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EXPLAINED: How to pay Austria’s TV and radio tax, or (legally) avoid it

At between €20 and €27 per month, Austria’s TV and radio licence soon starts to add up. So who has to pay the GIS (Gebühren Info Service GmbH) TV and radio tax, or how can you legally avoid it?

EXPLAINED: How to pay Austria's TV and radio tax, or (legally) avoid it
Photo by Murai .hr on Unsplash

Who has to pay the licence fee?

If you have any kind of device in your home, or a device which uses radio technology, you must report it to the GIS and pay the monthly fee, which varies depending on where you live in Austria. 

If you just have a radio, the tax is around €7 as opposed to €20 – €27 per month for the combined TV and radio licence. 

What devices does the tax apply to?

The tax applies to any device using: Cable TV connections, terrestrial or satellite receivers, radio components such as cable, SAT or dvb-Ts, computers and tablets with DVB-T stick or TV card or radio card and radios and other devices with FM reception. 

It does not apply to: smart TVs with no tuner or antenna connection (such as Kagis, Nogis or Pop-Tech), car radios, a computer or tablet with internet access which allows you to listen to the radio or watch TV online, as long as they do not use DVB-T sticks, TV cards or radio cards.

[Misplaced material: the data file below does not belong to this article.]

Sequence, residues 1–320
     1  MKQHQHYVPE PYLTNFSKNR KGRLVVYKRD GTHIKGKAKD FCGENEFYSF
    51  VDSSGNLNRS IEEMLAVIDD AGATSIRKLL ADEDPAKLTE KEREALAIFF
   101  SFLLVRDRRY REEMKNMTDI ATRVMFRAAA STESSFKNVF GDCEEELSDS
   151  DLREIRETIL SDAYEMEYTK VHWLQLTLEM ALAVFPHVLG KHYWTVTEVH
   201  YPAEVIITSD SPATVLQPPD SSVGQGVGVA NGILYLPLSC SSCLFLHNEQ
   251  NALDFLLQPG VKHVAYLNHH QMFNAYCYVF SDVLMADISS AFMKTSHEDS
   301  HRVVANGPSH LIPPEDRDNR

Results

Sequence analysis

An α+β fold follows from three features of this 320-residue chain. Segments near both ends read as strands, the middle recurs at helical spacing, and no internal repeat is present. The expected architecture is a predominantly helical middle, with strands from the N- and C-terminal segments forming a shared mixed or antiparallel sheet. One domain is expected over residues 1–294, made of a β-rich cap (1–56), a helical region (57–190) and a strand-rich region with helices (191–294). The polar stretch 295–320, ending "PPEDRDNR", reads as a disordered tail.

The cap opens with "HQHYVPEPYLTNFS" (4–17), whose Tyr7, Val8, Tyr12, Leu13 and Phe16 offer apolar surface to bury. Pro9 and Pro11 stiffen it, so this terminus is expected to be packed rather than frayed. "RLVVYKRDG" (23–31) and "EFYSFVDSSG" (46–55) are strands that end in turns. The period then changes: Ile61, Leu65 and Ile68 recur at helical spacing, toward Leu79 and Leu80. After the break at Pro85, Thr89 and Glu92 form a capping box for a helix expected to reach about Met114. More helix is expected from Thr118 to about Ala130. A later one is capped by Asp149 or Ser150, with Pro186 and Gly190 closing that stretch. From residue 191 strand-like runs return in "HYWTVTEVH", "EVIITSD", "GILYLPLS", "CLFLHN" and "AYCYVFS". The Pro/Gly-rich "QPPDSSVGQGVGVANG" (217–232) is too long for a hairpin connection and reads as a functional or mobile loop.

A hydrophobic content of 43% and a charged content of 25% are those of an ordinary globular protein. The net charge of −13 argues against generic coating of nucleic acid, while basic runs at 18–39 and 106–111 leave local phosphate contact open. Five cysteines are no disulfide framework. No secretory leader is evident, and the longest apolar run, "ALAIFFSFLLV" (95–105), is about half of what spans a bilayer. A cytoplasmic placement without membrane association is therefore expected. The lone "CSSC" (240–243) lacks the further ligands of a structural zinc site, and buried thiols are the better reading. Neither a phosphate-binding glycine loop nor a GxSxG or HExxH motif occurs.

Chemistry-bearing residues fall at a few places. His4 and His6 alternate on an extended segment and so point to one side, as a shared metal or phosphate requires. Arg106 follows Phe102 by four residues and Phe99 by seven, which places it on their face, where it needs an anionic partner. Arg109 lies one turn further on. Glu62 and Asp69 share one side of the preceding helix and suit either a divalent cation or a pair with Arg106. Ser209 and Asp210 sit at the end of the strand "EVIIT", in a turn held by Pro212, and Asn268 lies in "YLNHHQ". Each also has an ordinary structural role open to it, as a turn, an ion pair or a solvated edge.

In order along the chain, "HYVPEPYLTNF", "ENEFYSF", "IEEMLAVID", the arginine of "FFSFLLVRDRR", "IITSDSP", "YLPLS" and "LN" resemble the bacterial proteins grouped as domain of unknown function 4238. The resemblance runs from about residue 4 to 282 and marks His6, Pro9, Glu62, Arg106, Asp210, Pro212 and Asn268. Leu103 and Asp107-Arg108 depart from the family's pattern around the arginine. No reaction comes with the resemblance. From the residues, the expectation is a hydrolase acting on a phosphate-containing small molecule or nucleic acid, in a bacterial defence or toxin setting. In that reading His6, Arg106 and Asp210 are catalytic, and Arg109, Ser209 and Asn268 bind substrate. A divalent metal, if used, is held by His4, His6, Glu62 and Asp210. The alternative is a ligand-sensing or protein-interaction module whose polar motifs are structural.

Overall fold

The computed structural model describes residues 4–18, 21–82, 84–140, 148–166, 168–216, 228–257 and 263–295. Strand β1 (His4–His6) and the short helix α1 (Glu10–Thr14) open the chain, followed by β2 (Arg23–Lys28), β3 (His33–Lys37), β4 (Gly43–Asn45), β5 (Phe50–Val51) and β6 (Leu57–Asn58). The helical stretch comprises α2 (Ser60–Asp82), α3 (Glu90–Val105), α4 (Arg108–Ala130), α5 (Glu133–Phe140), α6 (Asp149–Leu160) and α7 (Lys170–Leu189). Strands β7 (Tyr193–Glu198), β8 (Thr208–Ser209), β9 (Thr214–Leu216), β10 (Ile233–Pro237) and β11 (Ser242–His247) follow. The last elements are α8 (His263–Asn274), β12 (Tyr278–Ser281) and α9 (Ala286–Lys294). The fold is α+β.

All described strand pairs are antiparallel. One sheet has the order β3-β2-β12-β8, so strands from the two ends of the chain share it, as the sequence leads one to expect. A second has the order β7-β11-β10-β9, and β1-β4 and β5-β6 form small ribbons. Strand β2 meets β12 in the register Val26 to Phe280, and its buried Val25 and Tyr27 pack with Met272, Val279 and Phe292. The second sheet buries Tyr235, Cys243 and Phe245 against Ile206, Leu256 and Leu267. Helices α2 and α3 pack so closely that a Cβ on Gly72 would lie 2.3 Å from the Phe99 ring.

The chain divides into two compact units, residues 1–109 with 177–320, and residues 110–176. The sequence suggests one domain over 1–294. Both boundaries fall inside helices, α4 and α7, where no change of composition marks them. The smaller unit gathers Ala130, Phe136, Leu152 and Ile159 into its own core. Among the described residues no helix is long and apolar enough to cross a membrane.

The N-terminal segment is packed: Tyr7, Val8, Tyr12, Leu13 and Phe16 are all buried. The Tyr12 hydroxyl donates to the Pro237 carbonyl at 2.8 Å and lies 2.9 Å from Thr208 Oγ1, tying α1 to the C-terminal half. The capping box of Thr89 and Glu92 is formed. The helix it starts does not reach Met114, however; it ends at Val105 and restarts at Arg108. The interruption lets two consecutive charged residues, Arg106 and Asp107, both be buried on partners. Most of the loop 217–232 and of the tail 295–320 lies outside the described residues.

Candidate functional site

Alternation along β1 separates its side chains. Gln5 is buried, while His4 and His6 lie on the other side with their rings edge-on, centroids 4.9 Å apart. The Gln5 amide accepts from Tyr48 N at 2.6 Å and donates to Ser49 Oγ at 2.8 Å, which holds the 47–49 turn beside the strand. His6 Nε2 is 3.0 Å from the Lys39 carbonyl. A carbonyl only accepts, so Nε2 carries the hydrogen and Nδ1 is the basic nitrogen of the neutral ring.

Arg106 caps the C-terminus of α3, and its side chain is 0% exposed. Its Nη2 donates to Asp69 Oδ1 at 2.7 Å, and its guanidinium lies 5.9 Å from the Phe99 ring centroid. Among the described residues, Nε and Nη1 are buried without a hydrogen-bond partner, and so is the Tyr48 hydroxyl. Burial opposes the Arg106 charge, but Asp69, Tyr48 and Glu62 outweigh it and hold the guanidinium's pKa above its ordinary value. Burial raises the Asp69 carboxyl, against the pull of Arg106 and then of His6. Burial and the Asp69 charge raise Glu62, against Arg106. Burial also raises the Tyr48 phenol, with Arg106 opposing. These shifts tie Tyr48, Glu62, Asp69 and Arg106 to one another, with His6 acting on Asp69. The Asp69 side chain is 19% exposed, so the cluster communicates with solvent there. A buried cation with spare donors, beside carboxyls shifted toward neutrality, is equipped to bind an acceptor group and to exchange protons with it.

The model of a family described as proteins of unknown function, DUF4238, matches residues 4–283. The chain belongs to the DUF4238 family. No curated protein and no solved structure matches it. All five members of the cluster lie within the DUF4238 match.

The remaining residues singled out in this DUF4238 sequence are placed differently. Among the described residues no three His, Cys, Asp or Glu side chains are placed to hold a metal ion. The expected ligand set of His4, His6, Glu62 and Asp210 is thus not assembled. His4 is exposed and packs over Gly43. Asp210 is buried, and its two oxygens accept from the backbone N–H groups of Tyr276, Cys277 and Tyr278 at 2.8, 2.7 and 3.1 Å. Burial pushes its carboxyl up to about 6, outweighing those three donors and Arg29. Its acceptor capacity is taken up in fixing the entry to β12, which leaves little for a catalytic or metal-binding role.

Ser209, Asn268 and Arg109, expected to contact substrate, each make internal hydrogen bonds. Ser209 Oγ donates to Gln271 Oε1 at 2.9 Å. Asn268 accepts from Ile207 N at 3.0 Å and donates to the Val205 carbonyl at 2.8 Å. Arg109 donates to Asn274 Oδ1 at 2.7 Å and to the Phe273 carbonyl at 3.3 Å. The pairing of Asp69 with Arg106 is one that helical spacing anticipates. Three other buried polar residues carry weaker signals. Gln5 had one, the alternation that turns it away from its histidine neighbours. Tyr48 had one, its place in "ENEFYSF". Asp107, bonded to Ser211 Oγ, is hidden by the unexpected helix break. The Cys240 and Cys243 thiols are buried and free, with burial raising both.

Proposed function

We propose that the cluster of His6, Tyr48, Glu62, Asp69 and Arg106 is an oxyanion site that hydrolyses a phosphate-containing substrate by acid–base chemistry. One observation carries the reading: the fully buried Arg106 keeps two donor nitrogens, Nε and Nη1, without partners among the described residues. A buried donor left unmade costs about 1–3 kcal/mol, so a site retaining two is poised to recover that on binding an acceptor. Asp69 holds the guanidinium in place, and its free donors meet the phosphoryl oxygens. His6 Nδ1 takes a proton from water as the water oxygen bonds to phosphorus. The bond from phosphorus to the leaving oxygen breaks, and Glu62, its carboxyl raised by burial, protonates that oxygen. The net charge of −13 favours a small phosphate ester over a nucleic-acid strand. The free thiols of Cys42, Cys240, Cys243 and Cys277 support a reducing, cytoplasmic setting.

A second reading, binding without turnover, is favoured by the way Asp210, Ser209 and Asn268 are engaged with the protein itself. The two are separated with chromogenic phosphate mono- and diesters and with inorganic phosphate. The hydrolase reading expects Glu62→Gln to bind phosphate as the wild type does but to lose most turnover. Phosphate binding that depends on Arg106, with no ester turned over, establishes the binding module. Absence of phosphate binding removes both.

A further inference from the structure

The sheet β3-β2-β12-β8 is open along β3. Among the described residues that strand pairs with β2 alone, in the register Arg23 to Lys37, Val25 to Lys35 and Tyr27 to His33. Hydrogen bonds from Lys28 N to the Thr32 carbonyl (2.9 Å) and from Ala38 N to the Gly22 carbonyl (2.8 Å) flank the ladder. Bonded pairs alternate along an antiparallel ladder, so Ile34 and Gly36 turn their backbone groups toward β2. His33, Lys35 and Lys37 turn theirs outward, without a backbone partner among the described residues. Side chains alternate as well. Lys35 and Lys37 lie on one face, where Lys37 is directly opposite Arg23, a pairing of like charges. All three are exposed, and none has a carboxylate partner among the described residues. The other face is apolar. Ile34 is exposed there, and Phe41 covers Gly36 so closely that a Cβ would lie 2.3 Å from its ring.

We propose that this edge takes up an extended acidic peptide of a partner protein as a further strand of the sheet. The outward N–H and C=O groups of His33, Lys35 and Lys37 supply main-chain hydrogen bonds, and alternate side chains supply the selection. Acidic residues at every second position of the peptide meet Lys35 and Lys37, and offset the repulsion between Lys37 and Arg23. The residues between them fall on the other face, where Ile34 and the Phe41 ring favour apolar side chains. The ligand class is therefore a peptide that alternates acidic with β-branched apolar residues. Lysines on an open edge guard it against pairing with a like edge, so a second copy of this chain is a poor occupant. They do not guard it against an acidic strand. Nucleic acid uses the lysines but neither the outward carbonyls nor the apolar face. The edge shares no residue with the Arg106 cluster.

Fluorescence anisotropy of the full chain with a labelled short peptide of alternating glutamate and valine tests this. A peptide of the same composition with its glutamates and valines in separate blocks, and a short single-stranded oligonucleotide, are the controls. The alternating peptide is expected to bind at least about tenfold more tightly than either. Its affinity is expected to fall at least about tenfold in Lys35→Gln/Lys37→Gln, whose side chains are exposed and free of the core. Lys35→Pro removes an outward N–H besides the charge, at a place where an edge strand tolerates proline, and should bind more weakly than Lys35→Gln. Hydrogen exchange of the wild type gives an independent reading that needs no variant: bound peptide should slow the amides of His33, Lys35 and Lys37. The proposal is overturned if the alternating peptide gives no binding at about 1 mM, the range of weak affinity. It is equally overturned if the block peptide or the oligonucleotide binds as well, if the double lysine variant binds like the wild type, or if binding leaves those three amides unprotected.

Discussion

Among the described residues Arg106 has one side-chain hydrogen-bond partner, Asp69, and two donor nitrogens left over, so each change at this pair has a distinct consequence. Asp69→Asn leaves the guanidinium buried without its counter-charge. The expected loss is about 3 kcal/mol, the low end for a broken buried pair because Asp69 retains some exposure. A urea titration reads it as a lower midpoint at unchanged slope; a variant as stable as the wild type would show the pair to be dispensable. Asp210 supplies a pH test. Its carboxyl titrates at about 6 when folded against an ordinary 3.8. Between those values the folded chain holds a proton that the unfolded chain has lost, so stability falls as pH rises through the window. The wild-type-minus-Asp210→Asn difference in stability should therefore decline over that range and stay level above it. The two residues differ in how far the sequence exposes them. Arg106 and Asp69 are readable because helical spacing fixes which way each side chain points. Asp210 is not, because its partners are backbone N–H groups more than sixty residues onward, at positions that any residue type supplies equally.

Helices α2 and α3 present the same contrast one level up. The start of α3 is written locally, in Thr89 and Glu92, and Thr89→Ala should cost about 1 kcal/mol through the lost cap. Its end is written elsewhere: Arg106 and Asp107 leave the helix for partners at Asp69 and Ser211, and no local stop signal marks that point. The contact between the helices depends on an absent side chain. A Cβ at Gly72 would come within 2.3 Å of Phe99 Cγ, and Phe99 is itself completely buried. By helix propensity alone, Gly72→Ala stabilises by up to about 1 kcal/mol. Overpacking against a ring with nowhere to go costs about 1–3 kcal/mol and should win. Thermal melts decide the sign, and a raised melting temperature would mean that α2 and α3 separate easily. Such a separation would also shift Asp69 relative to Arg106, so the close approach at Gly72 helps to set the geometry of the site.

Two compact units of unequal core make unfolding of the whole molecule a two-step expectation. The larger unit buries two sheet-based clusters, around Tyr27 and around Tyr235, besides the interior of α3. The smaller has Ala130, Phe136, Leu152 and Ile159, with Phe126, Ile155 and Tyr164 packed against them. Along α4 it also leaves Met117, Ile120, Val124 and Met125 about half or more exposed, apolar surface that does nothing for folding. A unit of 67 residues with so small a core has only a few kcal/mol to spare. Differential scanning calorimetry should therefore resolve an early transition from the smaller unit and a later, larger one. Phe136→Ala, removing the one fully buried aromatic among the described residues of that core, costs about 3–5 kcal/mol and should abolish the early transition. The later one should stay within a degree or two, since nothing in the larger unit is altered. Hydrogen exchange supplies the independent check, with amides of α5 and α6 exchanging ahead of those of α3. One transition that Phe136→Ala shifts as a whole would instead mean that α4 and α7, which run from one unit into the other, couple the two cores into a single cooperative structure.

However, you are not permitted to connect a television without a built-in tuner or antenna to a satellite, cable or terrestrial receiver via its HDMI interface if you want  to avoid paying the GIS tax.

How can I opt out?

If your device does not fall under those subject to taxation, you should write to GIS to opt out of paying the tax.

You can access the form here. Once filled in you can send GIS the form by post (The address is GIS fees info, Postfach 1000, 1051 Wien) or online by email at [email protected]

If you buy a “GIS-free” TV, the vendor may also provide you with a certificate for the authority together with your invoice, which you can show in case of a GIS inspection.

If you buy a “GIS-free” TV, the vendor may also provide you with a certificate for the authority together with your invoice, which you can show in case of a GIS inspection.

What information do I need to provide?

You should also inform GIS in case of: a change of name or company name of the licence holder (e.g. change of name due to marriage), a change of address, a stay at another residence such as a holiday home and a change in circumstances which may mean you are exempt from paying.

In addition, portable devices must be reported wherever they are.

When do I need to pay the fee?

The GIS fee should be paid from the first day of the month in which a radio and/or television is set up ready for operation at a location.

It expires at the earliest at the end of the month in which the de-registration of the radio reception facilities is received by the GIS.

What kind of checks are they allowed to carry out?

If a GIS employee comes to your door you can ask them for proof of ID.